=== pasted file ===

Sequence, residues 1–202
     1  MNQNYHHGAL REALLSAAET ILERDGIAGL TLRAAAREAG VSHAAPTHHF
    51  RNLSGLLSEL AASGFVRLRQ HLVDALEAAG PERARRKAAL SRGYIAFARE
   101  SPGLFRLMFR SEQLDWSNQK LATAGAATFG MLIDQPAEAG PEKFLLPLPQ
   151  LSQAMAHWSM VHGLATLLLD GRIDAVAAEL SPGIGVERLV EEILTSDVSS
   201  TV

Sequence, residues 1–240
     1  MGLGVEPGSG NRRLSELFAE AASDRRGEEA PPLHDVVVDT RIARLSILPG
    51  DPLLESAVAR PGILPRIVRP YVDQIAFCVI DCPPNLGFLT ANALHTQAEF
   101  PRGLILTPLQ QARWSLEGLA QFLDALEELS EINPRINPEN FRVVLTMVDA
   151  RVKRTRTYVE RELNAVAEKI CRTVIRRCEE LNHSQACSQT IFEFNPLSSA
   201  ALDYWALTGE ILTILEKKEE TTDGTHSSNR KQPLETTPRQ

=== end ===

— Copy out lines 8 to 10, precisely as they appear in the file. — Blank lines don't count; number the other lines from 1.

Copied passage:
     1  MGLGVEPGSG NRRLSELFAE AASDRRGEEA PPLHDVVVDT RIARLSILPG
    51  DPLLESAVAR PGILPRIVRP YVDQIAFCVI DCPPNLGFLT ANALHTQAEF
   101  PRGLILTPLQ QARWSLEGLA QFLDALEELS EINPRINPEN FRVVLTMVDA